Credit Cards
Ryan Voted Against Bill to Reform Credit Card Billing Practices. In 2008, Ryan voted against a bill that would prohibit credit card companies from retroactively increasing interest rates and finance charges. The bill sought to outlaw several credit card practices deemed “unfair and deceptive” by federal regulators. “We see this as truly a historic vote,” Consumer Federation of America Legislative Director Travis Plunkett said. “The credit card industry has been able to stop proposals to rein them in for over a decade.” The bill passed 312-112. [Roll Call 623, H 5244, 09/23/2008; CQ Today, 9/23/08]

Monetary Policy And The Federal Reserve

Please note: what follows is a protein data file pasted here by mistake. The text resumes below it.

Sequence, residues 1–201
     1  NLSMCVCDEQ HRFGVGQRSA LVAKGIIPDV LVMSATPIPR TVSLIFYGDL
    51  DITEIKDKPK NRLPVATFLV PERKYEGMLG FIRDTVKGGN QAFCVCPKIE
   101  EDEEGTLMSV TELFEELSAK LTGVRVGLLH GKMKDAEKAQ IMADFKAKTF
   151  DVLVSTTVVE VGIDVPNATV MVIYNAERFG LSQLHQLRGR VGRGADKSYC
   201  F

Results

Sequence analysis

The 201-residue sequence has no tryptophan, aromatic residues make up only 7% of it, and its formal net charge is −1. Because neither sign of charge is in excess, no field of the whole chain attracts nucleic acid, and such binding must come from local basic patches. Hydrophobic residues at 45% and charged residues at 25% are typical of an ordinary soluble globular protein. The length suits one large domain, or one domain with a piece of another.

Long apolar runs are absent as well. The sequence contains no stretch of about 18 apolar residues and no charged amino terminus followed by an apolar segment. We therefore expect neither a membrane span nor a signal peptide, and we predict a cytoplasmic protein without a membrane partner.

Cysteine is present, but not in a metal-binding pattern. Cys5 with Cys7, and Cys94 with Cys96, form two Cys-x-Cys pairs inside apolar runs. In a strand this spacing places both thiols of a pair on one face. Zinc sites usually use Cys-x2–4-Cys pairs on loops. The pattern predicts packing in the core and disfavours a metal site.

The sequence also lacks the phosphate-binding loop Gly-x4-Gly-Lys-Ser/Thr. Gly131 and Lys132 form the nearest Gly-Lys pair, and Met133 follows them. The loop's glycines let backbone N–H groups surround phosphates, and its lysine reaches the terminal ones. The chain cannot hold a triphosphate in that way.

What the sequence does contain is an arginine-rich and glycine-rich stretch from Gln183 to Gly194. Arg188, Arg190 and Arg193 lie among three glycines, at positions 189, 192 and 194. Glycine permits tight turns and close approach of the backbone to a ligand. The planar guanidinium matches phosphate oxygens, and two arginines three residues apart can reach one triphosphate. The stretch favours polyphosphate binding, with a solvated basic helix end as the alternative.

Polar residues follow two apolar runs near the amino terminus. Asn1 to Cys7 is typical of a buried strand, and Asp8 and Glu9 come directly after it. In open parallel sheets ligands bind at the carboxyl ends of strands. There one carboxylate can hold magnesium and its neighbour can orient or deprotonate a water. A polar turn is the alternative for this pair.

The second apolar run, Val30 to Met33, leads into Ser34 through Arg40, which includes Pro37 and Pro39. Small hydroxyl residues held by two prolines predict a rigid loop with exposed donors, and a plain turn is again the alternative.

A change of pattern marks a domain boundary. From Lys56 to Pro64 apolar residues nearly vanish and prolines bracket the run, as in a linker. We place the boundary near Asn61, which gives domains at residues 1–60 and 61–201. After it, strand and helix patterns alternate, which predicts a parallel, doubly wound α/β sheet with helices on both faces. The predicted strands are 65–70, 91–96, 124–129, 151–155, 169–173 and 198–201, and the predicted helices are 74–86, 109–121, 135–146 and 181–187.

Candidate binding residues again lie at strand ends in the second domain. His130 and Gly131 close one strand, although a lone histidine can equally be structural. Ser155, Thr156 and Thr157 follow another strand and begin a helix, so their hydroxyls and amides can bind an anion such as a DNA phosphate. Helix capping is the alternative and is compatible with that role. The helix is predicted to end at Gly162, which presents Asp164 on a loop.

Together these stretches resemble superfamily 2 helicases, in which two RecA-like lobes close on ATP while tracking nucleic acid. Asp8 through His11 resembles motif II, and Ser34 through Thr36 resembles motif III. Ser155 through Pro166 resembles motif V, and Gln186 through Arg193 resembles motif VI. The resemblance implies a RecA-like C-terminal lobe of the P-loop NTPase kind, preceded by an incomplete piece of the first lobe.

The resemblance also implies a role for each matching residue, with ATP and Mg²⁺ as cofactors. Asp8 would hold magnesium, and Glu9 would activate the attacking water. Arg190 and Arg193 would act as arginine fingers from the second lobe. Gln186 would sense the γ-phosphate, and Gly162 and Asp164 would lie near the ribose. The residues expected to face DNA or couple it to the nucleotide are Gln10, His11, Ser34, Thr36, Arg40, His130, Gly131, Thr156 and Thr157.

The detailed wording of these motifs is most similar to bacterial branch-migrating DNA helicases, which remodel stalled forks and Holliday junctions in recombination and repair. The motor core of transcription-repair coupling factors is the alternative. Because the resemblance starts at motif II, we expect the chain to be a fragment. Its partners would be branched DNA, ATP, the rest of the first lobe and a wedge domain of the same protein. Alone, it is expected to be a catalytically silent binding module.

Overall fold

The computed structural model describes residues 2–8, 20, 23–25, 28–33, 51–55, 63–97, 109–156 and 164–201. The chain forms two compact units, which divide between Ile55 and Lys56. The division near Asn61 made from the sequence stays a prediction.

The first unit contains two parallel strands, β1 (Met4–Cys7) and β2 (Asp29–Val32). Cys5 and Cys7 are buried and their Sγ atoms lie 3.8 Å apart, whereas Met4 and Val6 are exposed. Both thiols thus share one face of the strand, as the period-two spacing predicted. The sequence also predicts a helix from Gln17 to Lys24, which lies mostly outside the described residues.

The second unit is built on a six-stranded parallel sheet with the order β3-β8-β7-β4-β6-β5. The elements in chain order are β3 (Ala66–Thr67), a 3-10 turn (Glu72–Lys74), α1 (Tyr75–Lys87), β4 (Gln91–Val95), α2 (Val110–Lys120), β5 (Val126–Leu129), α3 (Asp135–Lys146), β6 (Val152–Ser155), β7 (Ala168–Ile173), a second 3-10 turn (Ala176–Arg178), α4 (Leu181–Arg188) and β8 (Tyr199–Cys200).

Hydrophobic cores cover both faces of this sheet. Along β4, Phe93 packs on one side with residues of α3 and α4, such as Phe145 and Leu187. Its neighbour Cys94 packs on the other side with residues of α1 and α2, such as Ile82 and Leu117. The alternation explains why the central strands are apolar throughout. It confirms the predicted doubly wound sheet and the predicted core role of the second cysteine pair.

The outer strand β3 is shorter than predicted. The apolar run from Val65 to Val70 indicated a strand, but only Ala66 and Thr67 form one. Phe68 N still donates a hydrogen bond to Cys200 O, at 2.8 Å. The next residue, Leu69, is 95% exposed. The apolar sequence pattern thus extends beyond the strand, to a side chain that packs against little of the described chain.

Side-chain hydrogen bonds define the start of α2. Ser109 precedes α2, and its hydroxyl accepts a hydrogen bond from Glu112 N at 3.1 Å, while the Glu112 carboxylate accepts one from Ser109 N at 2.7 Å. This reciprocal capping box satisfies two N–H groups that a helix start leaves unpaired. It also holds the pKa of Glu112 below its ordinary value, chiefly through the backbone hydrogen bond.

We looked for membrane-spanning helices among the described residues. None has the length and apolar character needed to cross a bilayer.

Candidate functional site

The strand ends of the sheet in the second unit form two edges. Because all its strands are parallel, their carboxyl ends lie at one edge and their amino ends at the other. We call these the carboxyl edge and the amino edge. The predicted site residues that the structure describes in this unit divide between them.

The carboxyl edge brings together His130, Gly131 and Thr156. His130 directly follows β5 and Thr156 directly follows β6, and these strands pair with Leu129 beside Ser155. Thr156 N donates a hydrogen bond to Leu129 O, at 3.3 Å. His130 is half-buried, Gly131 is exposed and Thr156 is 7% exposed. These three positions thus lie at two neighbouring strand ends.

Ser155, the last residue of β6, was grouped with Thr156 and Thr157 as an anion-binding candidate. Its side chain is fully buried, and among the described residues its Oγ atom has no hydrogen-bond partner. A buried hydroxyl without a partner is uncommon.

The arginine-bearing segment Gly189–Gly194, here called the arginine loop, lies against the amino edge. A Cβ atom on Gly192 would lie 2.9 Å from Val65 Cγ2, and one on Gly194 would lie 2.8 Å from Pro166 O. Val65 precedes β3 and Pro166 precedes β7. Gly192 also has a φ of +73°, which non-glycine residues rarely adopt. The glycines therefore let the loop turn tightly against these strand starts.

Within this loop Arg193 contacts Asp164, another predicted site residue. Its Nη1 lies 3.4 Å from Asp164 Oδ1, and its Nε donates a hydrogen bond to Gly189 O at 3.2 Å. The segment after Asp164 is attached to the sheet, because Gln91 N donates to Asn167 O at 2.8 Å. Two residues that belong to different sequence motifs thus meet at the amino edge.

Ryan Said He Was Concerned The Federal Reserve’s Quantitative Easing Program Would Create “A Massive Balance-Sheet Expansion.” According to a transcript of a House Budget Committee hearing that was obtained via Federal News Service, Ryan said, “The Federal Reserve is undertaking another round of quantitative easing, purchasing Treasury bonds in an attempt to lower borrowing costs and stimulate the economy. My concern is that the cost of the Fed’s current monetary policy, the money creation and massive balance- sheet expansion, will come to outweigh the perceived short-term benefits. I hope that’s not the case.” [Federal News Service, 2/9/11] Ryan Warned That “The Inflation Dynamic Can Be Quick To Materialize.” According to a transcript of a House Budget Committee hearing that was obtained via Federal News Service, Ryan said, “We are already witnessing a sharp rise in a variety of key global commodity and basic material prices, and we know that some producers and manufacturers here in the United States are starting to feel the cost pressure as a result. According to the core price indexes that the Fed closely watches, 76